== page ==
Tuesday, November 26, 2019

Centenary Review: Short fiction of Frederik Pohl

Today is the centenary of Frederik Pohl's birth. We had a panel in his honor at WindyCon this year, particularly appropriate as Fred was a long-time Chicagoan. He is one of the oldest SF personages I've met -- I shared a panel with him at a Windycon in 2012 perhaps(?), not too long before he died (in 2013, just shy of his 94th birthday.) (The only SF people born before Pohl that I met were David Kyle (very briefly indeed, just a handshake at Chicon in 2012), and Bob Tucker (I was "smoothed" by him at ConQuesT sometime in the late '90s.)) In this honor, then, here's a compendium of things I've written about his short fiction (and one Analog serial) over the years.

Beyond, July 1954

The novella in the July issue is "No More Stars", by "Charles Satterfield" -- a name Frederik Pohl used quite often as a pseudonym, though this time, its first use, it's a Pohl/Lester Del Rey story. It's about a man snatched from death into a world in which some sort of Ptolemaic magic/astrology is true, and an attempt to save the literal firmament from destruction. Not bad, kind of original.

Galaxy, July 1955

The stories include installment 2 of the notorious contest-winning serial "Preferred Risk", by Edson McCann. McCann, of course, was actually Frederik Pohl and Lester Del Rey, who whipped out the novel on short order when Gold couldn't find a worthwhile novel by an unpublished writer to win Galaxy's first novel contest. This installment is about 14,000 words -- I have no other comment as I have never read the story.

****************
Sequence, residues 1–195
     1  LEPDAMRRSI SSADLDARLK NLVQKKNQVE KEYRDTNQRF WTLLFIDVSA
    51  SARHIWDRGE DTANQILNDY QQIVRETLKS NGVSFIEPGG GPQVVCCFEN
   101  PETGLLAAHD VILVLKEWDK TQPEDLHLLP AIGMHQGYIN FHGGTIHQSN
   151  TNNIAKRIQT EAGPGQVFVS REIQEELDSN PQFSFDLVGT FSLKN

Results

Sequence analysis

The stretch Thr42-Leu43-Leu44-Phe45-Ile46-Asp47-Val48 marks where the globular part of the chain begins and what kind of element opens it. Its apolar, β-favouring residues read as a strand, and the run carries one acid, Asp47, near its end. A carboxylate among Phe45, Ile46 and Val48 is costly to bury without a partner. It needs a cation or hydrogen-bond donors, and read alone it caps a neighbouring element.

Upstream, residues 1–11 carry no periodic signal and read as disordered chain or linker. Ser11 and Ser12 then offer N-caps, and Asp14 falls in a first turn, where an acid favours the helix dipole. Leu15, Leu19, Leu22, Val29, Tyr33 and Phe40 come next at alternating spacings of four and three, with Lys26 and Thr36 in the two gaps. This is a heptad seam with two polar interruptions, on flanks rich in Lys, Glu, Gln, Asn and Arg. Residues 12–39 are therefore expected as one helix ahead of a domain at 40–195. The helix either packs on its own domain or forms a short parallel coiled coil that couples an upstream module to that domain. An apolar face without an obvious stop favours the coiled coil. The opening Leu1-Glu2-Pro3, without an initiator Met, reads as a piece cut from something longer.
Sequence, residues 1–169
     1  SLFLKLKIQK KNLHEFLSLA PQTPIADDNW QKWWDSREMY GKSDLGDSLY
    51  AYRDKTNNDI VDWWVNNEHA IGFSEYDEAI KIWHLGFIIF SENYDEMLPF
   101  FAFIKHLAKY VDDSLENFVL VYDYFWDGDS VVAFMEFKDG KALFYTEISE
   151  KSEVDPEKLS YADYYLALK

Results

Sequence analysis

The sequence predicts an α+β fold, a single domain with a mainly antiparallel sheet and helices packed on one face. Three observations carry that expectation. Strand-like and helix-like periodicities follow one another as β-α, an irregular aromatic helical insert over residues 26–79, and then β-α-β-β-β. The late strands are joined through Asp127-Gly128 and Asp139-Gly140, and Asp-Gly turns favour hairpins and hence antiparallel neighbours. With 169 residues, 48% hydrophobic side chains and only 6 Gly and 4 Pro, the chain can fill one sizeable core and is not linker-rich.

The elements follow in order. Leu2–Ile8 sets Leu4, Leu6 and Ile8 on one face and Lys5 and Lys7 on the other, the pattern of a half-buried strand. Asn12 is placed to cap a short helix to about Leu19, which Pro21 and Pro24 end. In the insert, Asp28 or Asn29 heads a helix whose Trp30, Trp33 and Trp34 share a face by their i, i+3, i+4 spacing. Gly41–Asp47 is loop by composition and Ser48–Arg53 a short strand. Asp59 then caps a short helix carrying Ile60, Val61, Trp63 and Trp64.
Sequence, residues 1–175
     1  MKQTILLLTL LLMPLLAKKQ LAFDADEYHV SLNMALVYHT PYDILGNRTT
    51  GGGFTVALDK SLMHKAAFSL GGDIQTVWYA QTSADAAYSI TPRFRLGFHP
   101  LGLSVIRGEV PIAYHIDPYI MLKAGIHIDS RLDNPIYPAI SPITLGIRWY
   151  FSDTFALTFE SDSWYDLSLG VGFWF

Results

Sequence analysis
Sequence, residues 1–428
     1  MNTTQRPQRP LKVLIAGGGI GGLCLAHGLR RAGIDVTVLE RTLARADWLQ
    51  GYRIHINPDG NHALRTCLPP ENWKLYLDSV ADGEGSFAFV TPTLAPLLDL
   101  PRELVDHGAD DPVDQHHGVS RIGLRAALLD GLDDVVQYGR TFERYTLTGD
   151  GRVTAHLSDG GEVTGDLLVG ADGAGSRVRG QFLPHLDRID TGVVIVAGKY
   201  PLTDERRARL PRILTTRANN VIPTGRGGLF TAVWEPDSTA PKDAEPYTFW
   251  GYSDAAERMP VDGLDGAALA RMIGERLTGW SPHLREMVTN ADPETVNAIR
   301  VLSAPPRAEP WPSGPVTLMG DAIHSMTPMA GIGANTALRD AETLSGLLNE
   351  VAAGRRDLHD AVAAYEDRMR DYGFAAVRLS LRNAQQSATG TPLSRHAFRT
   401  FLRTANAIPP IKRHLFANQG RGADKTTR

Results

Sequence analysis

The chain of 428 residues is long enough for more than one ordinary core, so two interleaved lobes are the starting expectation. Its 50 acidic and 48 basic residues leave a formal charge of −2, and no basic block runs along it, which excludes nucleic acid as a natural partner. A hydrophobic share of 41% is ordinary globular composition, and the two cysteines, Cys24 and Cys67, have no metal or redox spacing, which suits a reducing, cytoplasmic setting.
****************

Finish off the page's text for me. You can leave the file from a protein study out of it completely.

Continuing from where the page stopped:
The lead novelet is also by Pohl, "The Mapmakers" (12,000 words). Navigating hyperspace is very difficult, and can only be accomplished by especially trained eidetic memories called Celestial Atlases. The Terra II, thus, is in big trouble when a meteor kills their Atlas, and blinds another officer. They seem likely to be stranded thousands of light years from Earth -- unless they can find another way to navigate. Pretty minor Pohl, it must be said.

Galaxy, July 1958

The short stories are by "Paul Flehr", L. J. Stecher, Jr., and Arthur Sellings. "Flehr" is of course a pseudonym for Frederik Pohl. I first read "We Never Mention Aunt Nora" in Pohl's "Best of" collection back in the mid-70s, so the "Flehr" name never fooled me. I'm not sure why he used this pseudonym when he did -- for about 5 stories in 1958 and 1959. Earlier he had used "Charles Satterfield" and "James MacCreigh". (Though the Satterfield name was used at least once for a collaboration with Lester Del Rey (other times for solo stories). The MacCreigh name was used for collaborations with Judith Merril and with Isaac Asimov, but in those cases the story was credited to "James MacCreigh and collaborator".)